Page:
Barnaby sat on the shore of the pond waiting for John who had disappeared beneath the water’s surface minutes earlier. John walked straight in, fully erect and did not stop until he vanished under the water. Barnaby did not think the pond deep enough to cover the height of a man but then nothing in those woods should have continued to surprise him. John emerged a minute later from the water walking out much the way he entered, fully erect and holding items in both of his hands. In one hand he held a skull.
“I’m surprised no one ever found this. This is part of my remains.” He handed it to Barnaby. Barnaby tucked the wet skull under his arm like one would a football. He felt a little odd to be holding the skull of a man with whom he was speaking.
In the other hand John held out his wedding ring and his old rusted, water logged watch. “Please give these to my daughter,” he said. “Let her know I didn’t run out on her mother.”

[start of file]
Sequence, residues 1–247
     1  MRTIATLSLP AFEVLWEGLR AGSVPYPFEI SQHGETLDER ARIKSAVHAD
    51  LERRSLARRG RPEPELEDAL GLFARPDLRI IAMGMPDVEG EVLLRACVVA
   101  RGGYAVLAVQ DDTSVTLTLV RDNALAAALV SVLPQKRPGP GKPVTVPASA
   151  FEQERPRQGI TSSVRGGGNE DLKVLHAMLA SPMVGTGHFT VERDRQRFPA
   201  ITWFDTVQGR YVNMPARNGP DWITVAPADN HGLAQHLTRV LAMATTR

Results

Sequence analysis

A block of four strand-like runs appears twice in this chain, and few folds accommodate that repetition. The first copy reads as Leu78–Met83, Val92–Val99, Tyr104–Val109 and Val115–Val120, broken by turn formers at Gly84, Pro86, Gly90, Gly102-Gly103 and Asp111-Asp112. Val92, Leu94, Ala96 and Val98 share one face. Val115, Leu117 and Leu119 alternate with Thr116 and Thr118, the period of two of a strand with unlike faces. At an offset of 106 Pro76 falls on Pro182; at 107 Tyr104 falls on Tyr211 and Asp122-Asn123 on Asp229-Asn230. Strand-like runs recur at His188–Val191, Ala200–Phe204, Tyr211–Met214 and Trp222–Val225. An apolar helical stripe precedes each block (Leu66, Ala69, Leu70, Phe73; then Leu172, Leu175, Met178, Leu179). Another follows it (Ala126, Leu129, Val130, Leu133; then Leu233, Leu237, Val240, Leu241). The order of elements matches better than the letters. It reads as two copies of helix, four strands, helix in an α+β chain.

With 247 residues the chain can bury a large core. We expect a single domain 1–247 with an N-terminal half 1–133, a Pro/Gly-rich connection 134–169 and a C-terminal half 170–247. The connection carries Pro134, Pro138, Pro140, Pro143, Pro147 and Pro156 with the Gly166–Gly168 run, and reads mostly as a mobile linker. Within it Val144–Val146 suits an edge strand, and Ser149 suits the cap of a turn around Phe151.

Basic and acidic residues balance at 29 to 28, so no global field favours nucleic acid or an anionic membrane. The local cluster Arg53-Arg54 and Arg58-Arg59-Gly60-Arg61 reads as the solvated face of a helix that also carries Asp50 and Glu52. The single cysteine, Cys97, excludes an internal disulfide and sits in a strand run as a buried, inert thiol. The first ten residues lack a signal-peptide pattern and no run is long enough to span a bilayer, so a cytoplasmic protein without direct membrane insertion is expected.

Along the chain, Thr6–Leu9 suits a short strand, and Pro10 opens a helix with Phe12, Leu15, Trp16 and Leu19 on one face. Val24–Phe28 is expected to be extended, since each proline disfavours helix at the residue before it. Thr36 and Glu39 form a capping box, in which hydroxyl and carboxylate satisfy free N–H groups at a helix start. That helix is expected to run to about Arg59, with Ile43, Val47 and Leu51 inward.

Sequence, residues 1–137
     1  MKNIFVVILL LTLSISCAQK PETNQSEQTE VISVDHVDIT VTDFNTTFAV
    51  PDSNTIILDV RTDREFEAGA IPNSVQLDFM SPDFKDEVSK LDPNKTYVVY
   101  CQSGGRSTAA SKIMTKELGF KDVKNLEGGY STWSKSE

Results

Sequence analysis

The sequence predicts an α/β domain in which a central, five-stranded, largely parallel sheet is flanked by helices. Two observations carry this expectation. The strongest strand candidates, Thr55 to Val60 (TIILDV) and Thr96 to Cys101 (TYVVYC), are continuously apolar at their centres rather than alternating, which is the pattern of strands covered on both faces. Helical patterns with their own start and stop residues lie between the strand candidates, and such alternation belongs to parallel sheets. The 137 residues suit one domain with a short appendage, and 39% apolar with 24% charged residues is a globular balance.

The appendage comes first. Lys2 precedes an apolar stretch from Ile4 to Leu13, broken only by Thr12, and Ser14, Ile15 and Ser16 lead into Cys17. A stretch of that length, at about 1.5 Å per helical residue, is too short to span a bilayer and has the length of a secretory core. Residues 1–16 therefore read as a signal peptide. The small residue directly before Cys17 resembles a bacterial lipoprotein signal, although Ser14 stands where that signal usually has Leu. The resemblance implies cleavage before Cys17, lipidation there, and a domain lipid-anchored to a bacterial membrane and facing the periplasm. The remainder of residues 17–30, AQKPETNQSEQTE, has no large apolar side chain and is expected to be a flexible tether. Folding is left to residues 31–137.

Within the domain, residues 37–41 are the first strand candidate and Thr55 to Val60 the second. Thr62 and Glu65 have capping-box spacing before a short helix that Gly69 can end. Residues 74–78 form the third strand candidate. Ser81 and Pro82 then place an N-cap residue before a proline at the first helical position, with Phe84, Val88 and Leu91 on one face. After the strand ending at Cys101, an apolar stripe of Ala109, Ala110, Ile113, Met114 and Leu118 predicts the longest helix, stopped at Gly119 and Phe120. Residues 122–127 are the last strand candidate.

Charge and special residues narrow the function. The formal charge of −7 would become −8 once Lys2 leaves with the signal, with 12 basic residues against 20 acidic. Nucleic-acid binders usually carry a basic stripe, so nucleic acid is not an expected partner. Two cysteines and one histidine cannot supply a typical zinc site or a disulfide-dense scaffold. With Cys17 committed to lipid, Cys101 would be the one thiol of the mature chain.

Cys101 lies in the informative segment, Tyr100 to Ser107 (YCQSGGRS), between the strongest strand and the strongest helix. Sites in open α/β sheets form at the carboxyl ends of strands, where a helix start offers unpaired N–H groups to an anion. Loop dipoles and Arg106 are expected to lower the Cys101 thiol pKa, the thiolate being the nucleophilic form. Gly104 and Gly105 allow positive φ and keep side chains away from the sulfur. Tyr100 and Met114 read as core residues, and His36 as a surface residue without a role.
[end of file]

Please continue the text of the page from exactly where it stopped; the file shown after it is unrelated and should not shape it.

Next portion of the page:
Barnaby looked at the dripping wet old man and placed the watch and ring in his pocket. “I’ll take care of it for you. Are you okay to walk in those wet clothes?”
“I’ll dry off in no time,” John replied.
Barnaby led John back to the wood’s edge where they could once again see the worn down old home in which he used to live.
“You aren’t here because of any curse on these woods,” Barnaby explained. “That’s why you did not vanish like the others. You are here because you are holding on.”
Barnaby placed the skull down, jumped the ditch to the other side and ran across the dusty road, hopped up on the creaky, old porch and paid no attention to the wasps buzzing around. John watched him knock on the door and within minutes Barnaby led John’s protesting wife by the hand to the road. He brought her to John’s side of the drive, right to the ditch and John smiled when he heard how cantankerous his wife had become. He remained behind a tree as he did not want to scare her. At this distance he could see how very old she had become but beneath the wrinkles and frail figure, he could still see his girl.
“I do not want to be this close to the woods!” she protested and tried to pull her arm away from Barnaby but could put up no more resistance than a five year old child.
Barnaby rolled his eyes at her stubbornness but understood her fearfulness, “I have something to show you.”.